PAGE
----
53 ideas posted
Signage should be improved to make way-finding easier.
Submitted by mshelton 7 months ago
Fewer signs with more details available at each sign location: printed floor maps with legends (numerical and alphabetical) including call number ranges per shelf or department; "Staff Picks" reading lists; "ASK!" stations include interactive "you-are-here" maps and catalog terminals (with links to items' CHECK SHELF locations on the floor map); real-time display of public computer availability.
Example of real-time computer availability: http://orwell.unfcsd.unf.edu/libtv/static/lab_west.php
"ASK!" stations (some or all) include anchored scanners for patron use. Scanning a library item retrieves the full Encore record for display on-screen.
"ASK!" stations designed and constructed for widest possible accessibility: touchscreen and traditional keyboard/mouse; reachable by patrons other than standing adults (e.g. very young patrons and wheelchair patrons); patrons using braille or audio-assistive technology (patron-owned or library-provided hardware plug-in capability should be advertised and easy to use); obvious on-screen "+" and "-" button to enlarge or shrink the visual display for readability; standardized and modular station design to specifically include possibility of further changes as they arise.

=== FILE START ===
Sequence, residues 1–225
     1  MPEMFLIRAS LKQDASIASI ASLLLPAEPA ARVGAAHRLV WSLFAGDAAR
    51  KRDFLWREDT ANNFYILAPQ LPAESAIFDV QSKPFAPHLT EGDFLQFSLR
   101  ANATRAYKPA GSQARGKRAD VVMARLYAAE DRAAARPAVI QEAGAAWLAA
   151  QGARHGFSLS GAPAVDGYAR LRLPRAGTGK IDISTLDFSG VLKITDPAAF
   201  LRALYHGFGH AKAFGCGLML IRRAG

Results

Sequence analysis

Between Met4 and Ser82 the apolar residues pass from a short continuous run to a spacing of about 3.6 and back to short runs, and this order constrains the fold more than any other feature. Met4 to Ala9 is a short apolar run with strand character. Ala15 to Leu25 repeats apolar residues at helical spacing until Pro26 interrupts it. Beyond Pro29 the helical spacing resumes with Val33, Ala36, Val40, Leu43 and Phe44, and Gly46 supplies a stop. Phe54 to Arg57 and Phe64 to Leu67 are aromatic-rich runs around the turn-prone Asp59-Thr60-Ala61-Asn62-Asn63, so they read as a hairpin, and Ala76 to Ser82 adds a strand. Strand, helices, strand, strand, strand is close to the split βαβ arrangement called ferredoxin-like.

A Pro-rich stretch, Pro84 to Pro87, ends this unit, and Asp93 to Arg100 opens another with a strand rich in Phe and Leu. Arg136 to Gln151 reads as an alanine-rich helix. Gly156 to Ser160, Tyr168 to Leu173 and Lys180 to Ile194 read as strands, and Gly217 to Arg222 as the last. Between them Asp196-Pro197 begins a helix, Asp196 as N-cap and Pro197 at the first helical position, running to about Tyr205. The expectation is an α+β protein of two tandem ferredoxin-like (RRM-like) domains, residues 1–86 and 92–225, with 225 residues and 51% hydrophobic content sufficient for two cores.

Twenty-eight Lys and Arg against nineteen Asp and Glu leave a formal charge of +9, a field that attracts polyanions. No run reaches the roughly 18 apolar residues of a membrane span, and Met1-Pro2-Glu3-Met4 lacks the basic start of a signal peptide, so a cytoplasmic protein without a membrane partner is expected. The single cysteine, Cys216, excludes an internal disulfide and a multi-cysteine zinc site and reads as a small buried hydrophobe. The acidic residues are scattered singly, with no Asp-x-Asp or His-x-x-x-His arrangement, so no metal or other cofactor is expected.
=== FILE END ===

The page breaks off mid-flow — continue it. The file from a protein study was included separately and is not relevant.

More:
In the east building, integrate signage with the architecture seamlessly as possible and yet be clearly visible from the maximum number of locations. This has been used to successfully at many retail locations and libraries such as Seattle Public Library.
Touch-panel information screens close to the entrance could provide way-finding and/or programing information.
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